In a desire for multiculturalism, many dance programs have added world and hip-hop classes to their curriculums, but, with few exceptions, ballet and modern still reign supreme. At the University of East London (UEL), however, bharata natyam, breaking and other styles favored by East London’s ethnically diverse residents take center stage.
“We wanted to create a new dance program without replicating what was already on offer elsewhere,” says Mark O’Thomas, director of UEL’s Institute for Performing Arts Development. “We asked the East London Dance agency, a range of practitioners and students at other universities, ‘If you were creating a new program from scratch, what would you wish for?’” The answer, now entering its fourth year, is a new BA in dance: Urban Practice.
Housed at Trinity Buoy Wharf beside a complex of artists’ studios built from recycled shipping containers, Urban Practice not only teaches students how to break, pop and lock, but also to investigate the global origins, history and cultural significance of these popular dance forms. (Students get a dose of ballet and modern technique, too, but these traditional dance degree headliners take a backseat to global and urban forms.) Designed to produce versatile dance practitioners and critical thinkers, the program prepares students for a wide range of academic and professional careers.
“East London is transnational,” says Kate Sicchio, the BA’s program leader. “Everyone is from somewhere else and our curriculum reflects that diversity.” Students take four 90-minute technique classes each week ranging from street, house, breaking, popping and locking to capoeira, Afro-contemporary and kathak, the last of which is unexpectedly popular with students who were originally drawn to UEL from their love of MTV and the show “Britain’s Got Talent.” In addition, students spend nine hours each week in traditional lecture courses that focus on historical developments in urban dance, dance and health, arts management, community dance, arts administration and other subjects. They also take choreography and performance modules during the three-year program and are required to complete an internship and an 8,000-word dissertation.
Since its start in 2007, the program has grown from 12 students to nearly 80. For the upcoming semester, 325 dancers applied for 75 places. Prospective students are not judged on technique alone. In fact many arrive without any formal dance training at all. Applicants are evaluated on their critical-thinking abilities in addition to audition results.
UEL has established partnerships with numerous community arts organizations and currently employs 10 London-based practitioners to teach technique classes, in addition to a full-time faculty of young lecturers whose research interests range from transnational B-girl “battles” to dance and film. Because of the wide range of classes, students are graded not on their technical proficiency but on their understanding of the “core principles” or aesthetics of each form, as demonstrated through a 10-minute practicum performed at the end of each term.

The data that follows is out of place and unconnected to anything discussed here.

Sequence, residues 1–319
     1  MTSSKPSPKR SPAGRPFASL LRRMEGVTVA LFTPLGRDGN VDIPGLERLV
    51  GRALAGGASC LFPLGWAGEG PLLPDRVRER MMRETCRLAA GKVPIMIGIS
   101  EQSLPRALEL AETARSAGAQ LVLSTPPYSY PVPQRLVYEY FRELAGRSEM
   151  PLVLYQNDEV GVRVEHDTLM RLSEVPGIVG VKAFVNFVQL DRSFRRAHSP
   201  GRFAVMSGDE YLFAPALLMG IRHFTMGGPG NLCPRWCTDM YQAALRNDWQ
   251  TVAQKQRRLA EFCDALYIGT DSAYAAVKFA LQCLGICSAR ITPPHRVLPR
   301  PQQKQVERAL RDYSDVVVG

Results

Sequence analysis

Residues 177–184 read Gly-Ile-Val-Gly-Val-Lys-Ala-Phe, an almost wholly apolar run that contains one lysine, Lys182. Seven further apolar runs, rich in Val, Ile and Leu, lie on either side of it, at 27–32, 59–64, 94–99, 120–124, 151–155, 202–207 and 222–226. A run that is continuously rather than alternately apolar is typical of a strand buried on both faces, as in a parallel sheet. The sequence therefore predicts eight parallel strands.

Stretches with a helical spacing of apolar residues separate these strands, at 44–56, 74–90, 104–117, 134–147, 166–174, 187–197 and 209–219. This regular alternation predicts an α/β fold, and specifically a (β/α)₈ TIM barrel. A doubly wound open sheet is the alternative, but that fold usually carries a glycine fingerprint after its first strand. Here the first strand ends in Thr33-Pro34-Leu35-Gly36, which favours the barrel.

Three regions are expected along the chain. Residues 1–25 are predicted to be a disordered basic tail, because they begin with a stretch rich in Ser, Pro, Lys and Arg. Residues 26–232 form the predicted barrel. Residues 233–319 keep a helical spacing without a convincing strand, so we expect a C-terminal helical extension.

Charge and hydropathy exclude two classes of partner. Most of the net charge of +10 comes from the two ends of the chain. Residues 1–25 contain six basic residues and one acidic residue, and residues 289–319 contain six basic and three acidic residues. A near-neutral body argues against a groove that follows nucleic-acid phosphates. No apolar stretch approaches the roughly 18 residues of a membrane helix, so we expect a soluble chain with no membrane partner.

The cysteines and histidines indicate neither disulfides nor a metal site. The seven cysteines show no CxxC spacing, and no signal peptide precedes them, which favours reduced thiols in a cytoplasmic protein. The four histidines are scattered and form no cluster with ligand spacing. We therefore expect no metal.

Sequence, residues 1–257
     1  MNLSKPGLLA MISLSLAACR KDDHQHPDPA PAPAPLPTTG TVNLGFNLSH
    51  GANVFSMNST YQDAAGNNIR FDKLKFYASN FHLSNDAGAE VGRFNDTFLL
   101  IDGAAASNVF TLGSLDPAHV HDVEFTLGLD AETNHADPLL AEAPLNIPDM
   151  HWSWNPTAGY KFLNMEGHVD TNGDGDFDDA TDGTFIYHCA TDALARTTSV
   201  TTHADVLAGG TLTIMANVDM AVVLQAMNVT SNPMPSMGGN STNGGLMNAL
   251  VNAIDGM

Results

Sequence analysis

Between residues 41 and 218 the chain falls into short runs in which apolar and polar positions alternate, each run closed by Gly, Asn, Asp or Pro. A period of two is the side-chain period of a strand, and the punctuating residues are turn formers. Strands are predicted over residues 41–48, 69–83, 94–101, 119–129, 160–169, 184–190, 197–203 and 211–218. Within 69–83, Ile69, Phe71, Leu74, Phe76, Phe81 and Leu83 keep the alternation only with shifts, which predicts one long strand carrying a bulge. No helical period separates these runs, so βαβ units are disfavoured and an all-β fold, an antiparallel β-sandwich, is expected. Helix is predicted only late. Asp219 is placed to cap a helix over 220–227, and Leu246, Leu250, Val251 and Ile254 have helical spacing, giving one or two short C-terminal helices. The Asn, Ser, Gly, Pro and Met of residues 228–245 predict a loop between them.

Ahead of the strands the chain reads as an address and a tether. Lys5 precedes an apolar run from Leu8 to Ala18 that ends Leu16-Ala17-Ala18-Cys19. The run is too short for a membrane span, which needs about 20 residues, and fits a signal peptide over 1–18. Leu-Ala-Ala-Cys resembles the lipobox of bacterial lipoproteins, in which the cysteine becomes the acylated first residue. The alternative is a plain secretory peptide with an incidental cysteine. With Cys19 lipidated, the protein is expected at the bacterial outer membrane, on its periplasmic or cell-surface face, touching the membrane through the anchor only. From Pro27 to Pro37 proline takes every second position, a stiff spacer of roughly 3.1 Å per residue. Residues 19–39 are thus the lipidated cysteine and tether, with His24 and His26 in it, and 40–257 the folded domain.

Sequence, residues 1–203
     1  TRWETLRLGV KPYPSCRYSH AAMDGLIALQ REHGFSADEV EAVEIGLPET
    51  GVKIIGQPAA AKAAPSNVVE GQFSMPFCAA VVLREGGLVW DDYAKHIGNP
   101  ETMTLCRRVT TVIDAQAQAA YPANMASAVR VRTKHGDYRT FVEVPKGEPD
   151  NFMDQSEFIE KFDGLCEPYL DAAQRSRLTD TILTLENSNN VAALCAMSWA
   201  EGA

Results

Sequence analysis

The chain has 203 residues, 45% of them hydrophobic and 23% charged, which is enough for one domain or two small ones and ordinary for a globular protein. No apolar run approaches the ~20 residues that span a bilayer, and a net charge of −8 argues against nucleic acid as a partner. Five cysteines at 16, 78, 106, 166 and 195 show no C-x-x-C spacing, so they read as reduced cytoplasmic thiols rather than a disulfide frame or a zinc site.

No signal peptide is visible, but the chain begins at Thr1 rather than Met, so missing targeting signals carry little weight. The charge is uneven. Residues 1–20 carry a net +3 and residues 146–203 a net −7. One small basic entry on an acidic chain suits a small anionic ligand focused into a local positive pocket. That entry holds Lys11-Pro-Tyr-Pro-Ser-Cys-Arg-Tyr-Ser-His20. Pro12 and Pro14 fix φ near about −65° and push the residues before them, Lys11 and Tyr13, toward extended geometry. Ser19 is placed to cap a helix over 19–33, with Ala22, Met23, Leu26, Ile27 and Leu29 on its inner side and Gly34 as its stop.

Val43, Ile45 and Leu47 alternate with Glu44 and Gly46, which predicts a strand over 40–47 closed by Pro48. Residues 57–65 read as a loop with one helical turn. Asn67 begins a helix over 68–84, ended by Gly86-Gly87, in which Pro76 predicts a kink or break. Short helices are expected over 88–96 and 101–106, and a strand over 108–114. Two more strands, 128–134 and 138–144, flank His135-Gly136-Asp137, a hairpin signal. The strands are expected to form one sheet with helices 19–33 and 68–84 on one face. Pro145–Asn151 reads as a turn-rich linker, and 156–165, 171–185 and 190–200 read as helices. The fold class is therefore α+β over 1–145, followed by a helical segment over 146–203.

Technique classes reinforce lessons learned in theory classes and vice versa, with teachers from both ends of the spectrum regularly collaborating on assignments and grading. “We’re trying to move students away from the idea of, ‘Okay, first we do theory, then we do practice,’” says O’Thomas. Further more, styles are taught according to traditional modes of transmission. Students studying kathak, for example, learn according to an observational guru model, whereas breaking students work with training partners.
Exposure is key at UEL. Student goals range from postgraduate degrees in dance science to careers in choreography and performance, but all are encouraged to investigate a breadth of options. UEL prides itself on preparing students for sustainable careers in dance, which, especially for performers and choreographers, will likely require more than just stage work. The students who are interested in performance (a good number hope to join contemporary or street dance companies or to become choreographers) tend to echo Sicchio’s assertion that “dance is a portfolio career,” in which performing is just one of many professional possibilities.
But is the exposure good enough? Can students ever master a single technique when they study so many? These are just some of the critiques cited by Sicchio. “Since we’re not based on contemporary dance, there is a snobbery from some members of the dance community. Also, hip-hop purists criticize our inclusion of global styles—they want us to include modules on graffiti—but we’re not a hip-hop conservatory,” she says.
UEL will graduate its first class of Urban Practice students this month and will launch a corresponding, practice-based, student-centered MA program this fall. While skeptics may question the legitimacy of a dance major with more breaking than ballet, O’Thomas says, “An undergraduate program is not about producing an actor or a fully qualified musician, and we’re not trying to produce a prototype dancer.” DT
Kat Richter holds an MA in dance anthropology. As a freelance writer and tap teacher, she divides her time between London and Philadelphia.
Photo by Pete Tweedie, courtesy of UEL